Cambridge, UK. 16 June 2022 – Perovskite photovoltaics (PV) is a very young field, only emerging in 2009. Since then, research into the field has catapulted leading to the fastest acceleration in record efficiency of any PV technology. IDTechEx‘s new report, “Perovskite Photovoltaics 2023-2033“, explores the diverse range of opportunities presented by perovskite PV, including gaps in demand, supply chain innovation, and emerging applications.
Remarkably rapid efficiency gains
Perovskite photovoltaics have demonstrated remarkable efficiencies, with new applications enabled by their low cost, thin film architecture, and tuneable absorption. Record efficiencies are already on par with those of silicon PV, a technology with decades of research behind it. Additionally, perovskite PV does not use toxic or rare materials, and the manufacturing is well-suited to scalable solution-based deposition methods. This gives perovskite PV an edge over the existing dominant thin film alternatives such as cadmium telluride (CdTe) and copper indium gallium selenide (CIGS), which suffer from expensive synthesis and material scarcity.
Despite the demonstration of high-efficiency perovskite solar cells, commercial adoption is limited by concerns over long-term stability. Perovskites are well-known to degrade following exposure to environmental factors such as heat, air, humidity, and UV light. Encapsulation techniques and material engineering are crucial to preventing degradation of the perovskite film solving these high-value problems is a compelling commercial opportunity.
Enabling emerging applications
Perovskite PV is very versatile. It can be used in mainstream applications such as in solar farms and rooftops. Since the weight of a perovskite module can be at least 90 % lighter than a silicon module, it is particularly well-suited to novel applications as well such as vertical building integration and structures with low weight tolerance.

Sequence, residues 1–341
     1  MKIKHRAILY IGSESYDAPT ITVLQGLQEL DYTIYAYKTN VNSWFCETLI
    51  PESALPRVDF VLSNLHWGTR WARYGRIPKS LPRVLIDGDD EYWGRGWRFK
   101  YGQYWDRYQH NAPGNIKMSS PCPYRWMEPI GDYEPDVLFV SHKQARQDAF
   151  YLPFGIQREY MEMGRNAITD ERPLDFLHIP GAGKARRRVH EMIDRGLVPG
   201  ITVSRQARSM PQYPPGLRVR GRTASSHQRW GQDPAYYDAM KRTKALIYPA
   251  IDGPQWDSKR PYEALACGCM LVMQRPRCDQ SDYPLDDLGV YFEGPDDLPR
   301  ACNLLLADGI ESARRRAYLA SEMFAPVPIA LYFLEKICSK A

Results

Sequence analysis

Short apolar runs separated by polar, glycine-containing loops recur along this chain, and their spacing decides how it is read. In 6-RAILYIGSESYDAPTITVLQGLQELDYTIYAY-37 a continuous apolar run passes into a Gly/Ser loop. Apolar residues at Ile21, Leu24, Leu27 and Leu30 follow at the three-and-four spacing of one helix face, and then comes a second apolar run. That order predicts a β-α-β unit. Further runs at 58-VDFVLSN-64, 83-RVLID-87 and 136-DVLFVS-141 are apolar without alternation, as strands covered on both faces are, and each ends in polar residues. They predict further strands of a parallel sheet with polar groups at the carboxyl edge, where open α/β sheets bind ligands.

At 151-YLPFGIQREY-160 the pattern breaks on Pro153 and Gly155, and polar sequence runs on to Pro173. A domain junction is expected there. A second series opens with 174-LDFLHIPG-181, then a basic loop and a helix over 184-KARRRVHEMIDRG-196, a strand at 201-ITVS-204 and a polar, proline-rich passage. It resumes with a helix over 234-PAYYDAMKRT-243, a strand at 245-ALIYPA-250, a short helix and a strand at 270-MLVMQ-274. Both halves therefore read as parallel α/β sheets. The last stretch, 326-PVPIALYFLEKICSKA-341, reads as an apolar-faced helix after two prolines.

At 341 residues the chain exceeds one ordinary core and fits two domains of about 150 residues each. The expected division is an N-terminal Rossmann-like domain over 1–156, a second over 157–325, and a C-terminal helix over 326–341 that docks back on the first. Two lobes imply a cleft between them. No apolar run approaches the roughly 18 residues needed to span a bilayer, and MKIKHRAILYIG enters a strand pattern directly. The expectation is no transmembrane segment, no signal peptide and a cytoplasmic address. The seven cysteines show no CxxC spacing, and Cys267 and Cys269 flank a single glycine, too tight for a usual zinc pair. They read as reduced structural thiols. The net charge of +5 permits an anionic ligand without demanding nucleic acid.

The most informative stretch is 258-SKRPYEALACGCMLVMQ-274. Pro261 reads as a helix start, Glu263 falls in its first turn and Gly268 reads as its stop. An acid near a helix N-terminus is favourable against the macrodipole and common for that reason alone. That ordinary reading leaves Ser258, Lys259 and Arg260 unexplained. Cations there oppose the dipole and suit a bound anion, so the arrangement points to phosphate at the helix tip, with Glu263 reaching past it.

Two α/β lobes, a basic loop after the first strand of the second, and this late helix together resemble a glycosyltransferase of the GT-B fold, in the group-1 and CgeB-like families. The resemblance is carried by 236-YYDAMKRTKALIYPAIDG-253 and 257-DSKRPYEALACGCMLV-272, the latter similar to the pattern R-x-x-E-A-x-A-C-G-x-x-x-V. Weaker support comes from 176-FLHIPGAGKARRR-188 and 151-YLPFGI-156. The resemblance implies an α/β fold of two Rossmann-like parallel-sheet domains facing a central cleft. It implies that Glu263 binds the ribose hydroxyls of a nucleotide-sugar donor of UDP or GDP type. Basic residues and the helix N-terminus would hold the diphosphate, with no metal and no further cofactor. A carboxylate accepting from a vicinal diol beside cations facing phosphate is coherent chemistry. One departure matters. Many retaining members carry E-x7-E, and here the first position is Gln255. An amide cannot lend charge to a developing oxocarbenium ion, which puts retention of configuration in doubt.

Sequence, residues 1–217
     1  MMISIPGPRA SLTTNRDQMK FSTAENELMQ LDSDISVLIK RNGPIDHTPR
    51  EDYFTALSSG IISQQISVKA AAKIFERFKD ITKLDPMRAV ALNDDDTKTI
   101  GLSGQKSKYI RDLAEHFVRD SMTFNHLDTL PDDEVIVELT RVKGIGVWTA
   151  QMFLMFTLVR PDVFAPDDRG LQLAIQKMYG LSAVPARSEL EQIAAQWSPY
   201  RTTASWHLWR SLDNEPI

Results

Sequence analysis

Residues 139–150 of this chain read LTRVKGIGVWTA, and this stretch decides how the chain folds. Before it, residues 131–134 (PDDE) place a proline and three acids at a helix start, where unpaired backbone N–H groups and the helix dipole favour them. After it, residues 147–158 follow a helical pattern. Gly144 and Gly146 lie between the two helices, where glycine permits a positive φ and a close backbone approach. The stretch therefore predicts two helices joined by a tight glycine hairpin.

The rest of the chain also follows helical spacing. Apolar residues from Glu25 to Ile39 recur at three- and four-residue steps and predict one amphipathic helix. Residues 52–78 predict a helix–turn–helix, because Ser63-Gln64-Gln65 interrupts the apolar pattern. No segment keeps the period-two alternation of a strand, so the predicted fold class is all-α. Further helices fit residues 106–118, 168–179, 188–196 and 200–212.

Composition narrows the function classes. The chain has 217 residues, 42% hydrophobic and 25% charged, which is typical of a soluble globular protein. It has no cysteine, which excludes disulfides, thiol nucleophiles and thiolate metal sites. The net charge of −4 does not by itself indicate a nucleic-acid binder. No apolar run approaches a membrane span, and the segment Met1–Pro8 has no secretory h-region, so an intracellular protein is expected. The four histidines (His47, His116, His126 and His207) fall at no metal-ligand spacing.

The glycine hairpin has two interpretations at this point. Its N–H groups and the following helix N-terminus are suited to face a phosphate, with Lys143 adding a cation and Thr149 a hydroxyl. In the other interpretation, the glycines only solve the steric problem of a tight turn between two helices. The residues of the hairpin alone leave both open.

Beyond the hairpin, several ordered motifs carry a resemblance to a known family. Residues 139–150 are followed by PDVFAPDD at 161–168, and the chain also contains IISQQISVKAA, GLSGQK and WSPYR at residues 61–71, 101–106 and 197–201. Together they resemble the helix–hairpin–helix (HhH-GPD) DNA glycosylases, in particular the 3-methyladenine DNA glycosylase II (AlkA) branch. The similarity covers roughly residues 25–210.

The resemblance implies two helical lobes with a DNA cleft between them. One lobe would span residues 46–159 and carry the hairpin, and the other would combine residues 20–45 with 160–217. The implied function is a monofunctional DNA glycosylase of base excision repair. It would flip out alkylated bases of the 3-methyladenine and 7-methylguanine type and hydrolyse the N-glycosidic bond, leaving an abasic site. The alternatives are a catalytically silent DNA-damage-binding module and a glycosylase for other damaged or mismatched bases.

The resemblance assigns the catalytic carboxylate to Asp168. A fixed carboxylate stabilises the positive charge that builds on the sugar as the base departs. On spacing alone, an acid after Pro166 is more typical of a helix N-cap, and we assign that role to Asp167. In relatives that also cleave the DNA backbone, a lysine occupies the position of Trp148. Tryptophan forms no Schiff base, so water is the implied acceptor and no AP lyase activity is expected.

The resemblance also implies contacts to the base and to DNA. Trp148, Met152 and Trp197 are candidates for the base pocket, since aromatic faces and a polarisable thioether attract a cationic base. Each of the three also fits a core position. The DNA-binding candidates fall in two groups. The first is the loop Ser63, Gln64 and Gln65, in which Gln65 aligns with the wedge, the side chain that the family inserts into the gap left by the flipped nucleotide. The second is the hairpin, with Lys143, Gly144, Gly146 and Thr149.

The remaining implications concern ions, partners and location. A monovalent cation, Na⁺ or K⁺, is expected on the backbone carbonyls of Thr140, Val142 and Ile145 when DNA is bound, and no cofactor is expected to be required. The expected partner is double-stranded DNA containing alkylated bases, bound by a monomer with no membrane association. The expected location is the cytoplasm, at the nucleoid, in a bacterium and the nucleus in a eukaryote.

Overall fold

These are applications that mainstream silicon-based PV is not compatible with and therefore provide a niche opportunity for perovskite PV. Flexible solar modules are another exciting recent development in photovoltaics. Thin film perovskite PV is naturally well-suited to flexible designs. Conformality allows for greater practicality and aesthetic control when integrating into building facades as well as electronic devices.
With the emergence of Internet of Things (IoT), perovskite PV could also be a very suitable choice for self-powered smart electronics. Batteries are typically used to power small appliances. Where hundreds or thousands of individual electronics are in use, replacing batteries can be unsustainable both in terms of labor costs and number of disposable batteries.
Employing low-cost PV powered devices with lifespans of 10 years could be far more economical. There is already very early-stage commercialisation of self-powered electronics using organic PV. This market is still very small and there is plenty of room for new entrants. Perovskite PV promises higher efficiencies and simpler synthesis than organics, and potentially longer lifespans.
Follow us and Comment on Twitter @TheEE_io